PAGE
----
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“Uneven bounce, plenty of movement. Eight leg before wicket decisions, five times stumps sent on saunters. It was cricket at its exciting best”

The groundsman had watered the Headingley pitch. It looked green and damp.

There was a low cloud hovering over the ground. Scientific research has shown that the presence or absence of clouds has little to do with swing. However, try explaining that to cricketers.

The Australians were the best team in the world. But facing England in their den on a wet damp wicket under cloud cover was not really a task that they fancied. An England, moreover, with Geoff Arnold, Peter Lever and Chris Old, three excellent men to exploit the conditions. That and John Snow, still quite a deadly force as a fast bowler.

It did not take long for the Australian skipper Ian Chappell to ask the Englishmen to take the first strike.

Chappell had intended to bowl Gary Gilmour from the Kirkstall Lane End, sharing the new ball with Dennis Lillee. Jeff Thomson was kept back for later. Max Walker would be slotted as the first change.

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However, Lillee wanted to run in downhill. Hence the junior bowler was given the other end. And by the way the Australian fielders ran as Lillee completed the first over, it was evident they wanted to get their overs in before the sun came out.

This was the first time Gilmour had been fielded in the tournament. And the movement he extracted with his left-arm pace was unbelievable.

A ball that straightened instead of going down with the slant got Dennis Amiss leg before. Barry Wood played all over a yorker that swung back from the off-middle line.

After getting two men with balls that swung in, Gilmour made one move away. Tony Greig slashed hard. Behind the wicket Rod Marsh flew to take it with an extended right glove, in front of Ian Chappell at widish first slip.

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Lancastrian Frank Hayes on drove a boundary, but then misjudged a delivery on the off-stick. He shouldered arms, guessing that the slant would carry it down towards slip. It swung back and struck him on the pad. Umpire David Constant raised his finger. Some say it could have missed the leg, so pronounced was the swing.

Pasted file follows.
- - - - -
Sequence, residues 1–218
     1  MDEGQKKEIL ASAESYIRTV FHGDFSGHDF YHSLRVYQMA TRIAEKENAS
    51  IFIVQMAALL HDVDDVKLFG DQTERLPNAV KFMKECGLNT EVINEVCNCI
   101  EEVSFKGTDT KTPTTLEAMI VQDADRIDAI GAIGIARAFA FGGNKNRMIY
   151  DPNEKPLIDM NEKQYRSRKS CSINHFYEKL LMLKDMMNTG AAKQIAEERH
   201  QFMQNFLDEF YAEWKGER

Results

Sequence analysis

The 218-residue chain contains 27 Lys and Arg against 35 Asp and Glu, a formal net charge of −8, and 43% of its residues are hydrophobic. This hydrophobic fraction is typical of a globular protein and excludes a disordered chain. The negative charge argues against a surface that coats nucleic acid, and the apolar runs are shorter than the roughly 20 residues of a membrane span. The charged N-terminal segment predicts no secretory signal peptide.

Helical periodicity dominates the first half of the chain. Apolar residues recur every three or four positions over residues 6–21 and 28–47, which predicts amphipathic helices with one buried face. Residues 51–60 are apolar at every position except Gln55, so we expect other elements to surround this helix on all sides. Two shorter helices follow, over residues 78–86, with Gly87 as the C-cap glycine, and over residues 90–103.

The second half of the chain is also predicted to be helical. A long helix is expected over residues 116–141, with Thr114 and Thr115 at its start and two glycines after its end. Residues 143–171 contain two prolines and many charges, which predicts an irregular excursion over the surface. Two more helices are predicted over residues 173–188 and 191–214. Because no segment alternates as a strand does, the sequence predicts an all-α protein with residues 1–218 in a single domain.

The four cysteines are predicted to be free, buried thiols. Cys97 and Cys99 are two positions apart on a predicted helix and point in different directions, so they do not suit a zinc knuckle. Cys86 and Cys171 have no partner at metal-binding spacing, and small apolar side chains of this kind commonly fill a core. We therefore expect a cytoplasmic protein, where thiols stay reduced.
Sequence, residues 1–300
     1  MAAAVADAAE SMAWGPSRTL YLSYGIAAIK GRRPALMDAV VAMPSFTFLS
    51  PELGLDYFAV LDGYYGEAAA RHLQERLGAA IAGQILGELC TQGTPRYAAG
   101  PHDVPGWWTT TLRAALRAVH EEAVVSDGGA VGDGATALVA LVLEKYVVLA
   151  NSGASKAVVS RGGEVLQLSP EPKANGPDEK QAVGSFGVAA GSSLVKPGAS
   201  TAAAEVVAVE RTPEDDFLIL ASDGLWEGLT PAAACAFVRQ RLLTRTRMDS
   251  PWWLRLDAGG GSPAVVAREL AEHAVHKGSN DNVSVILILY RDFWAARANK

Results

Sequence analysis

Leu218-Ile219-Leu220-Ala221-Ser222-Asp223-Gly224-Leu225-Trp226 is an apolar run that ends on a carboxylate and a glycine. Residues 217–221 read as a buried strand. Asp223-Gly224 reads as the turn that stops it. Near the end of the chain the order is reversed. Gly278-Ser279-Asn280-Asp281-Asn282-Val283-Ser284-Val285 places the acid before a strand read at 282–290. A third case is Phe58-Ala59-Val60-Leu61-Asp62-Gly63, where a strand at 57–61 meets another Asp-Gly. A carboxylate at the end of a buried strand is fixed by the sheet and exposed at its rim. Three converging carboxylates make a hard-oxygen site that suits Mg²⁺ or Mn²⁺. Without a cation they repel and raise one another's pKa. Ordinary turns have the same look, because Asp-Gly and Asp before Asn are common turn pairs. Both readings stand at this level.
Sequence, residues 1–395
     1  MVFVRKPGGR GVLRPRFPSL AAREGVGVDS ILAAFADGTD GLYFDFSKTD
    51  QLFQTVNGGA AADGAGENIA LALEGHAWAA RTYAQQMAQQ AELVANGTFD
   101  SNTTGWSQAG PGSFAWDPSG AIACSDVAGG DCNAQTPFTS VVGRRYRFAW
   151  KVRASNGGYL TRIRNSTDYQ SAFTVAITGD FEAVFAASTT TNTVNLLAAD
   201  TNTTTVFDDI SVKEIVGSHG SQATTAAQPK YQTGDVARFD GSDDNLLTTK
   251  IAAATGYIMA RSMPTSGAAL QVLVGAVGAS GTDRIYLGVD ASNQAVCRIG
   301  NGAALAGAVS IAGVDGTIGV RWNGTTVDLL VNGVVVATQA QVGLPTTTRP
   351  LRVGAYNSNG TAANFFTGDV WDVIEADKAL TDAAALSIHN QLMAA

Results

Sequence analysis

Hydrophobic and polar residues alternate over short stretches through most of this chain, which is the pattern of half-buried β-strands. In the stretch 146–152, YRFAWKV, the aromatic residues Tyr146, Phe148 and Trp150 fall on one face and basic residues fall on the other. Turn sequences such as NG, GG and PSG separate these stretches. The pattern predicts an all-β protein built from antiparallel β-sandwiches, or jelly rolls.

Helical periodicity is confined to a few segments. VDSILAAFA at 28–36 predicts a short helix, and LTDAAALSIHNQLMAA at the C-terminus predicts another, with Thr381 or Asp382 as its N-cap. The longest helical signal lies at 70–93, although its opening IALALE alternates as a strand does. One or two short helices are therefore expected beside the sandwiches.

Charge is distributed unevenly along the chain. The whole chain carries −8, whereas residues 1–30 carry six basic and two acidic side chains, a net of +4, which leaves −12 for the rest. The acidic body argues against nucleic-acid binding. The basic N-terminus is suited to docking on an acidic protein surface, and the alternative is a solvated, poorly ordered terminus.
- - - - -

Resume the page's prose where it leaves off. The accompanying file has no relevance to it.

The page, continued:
Another one nipped back, this time to Keith Fletcher, and Gilmour had five. On television, it was heard that Alan Davidson would have been proud to have a spell like that.

Gilmour soon had Fletcher’s wicket. The ball nipped back in viciously to trap the batsman leg-before.

Knott followed soon. The ball was pitched up, the wicketkeeper went back and the swing took it past the bat and the pads were struck.

Gilmour leapt in joy. He had become the first bowler to pick up 6 wickets in an ODI, and with figures of 6 for 10 from 9.

36 for 6.

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Lillee had made way for Walker, another bowler who relished the conditions. Chris Old slashed hard. Greg Chappell caught him hard and fast to his left at second slip. A wicket had finally fallen at the other end. England 37 for 7.

They recovered somewhat. Gilmour was seen off, 12 overs for 14 runs with 6 wickets. Six of the overs maidens. The eighth wicket fell only at 52. Mike Denness, the skipper, and Arnold then put on the biggest partnership of the innings, amounting to 21. Walker castled Denness, but Arnold and Lever added another good 20 runs with the ball no longer brand new.

England 93 all out. Gilmour 6 for 14, Walker 3 for 22.

Gilmour’s spell was later rated by Wisden as the best-ever in ODI history.

60 overs to score 94. That was the ask. The first ever World Cup semi-final was turning out to be a no contest.

Or was it?

17 runs had been knocked off when Alan Turner was struck in front by Arnold. Bill Alley raised his finger.

John Snow was generating serious pace. In the space of 9 balls, he got rid of the Chappell brothers. Both perishing leg before to deliveries that kept low.

The first change Old was literally at home, in his backyard. One after the other he struck the stumps of Rick McCosker, Ross Edwards and Rod Marsh. 39 for 6. Old had taken 3 for 2 from just 7 deliveries.

Gilmour, the hero of the morning, was walking out again, to join Doug Walters. The left-hander had not really foreseen this. Only Walker, Lillee and Thomson were to follow.

“Roos can’t play cricket” shouted the banners and the Yorkshire voices.

Snow, bowling with every bit of venom, found the edged of the Walters willow. The ball sneaked through the slips and raced to the boundary.

But Gilmour was enjoying a day on another planet. Driving with serene calm, cutting with poise. His confidence rubbed off on Walters who started to find his touch. The score inched along.

At 78 a Gilmour edge flew to slip and Greig spilt it. The balance had tilted. A few lusty blows and they were nearly there. A no-ball from Arnold equalled the scores. A leg bye took Australia to win.

Gilmour remained unbeaten on 28 from 28 balls, with Walters hanging on with 20. The target was achieved in 28.4 overs.

Uneven bounce, plenty of movement. Eight leg before wicket decisions, five times stumps sent on saunters. It was cricket at its exciting best.

And it was a day when Gary Gilmour ruled the world.

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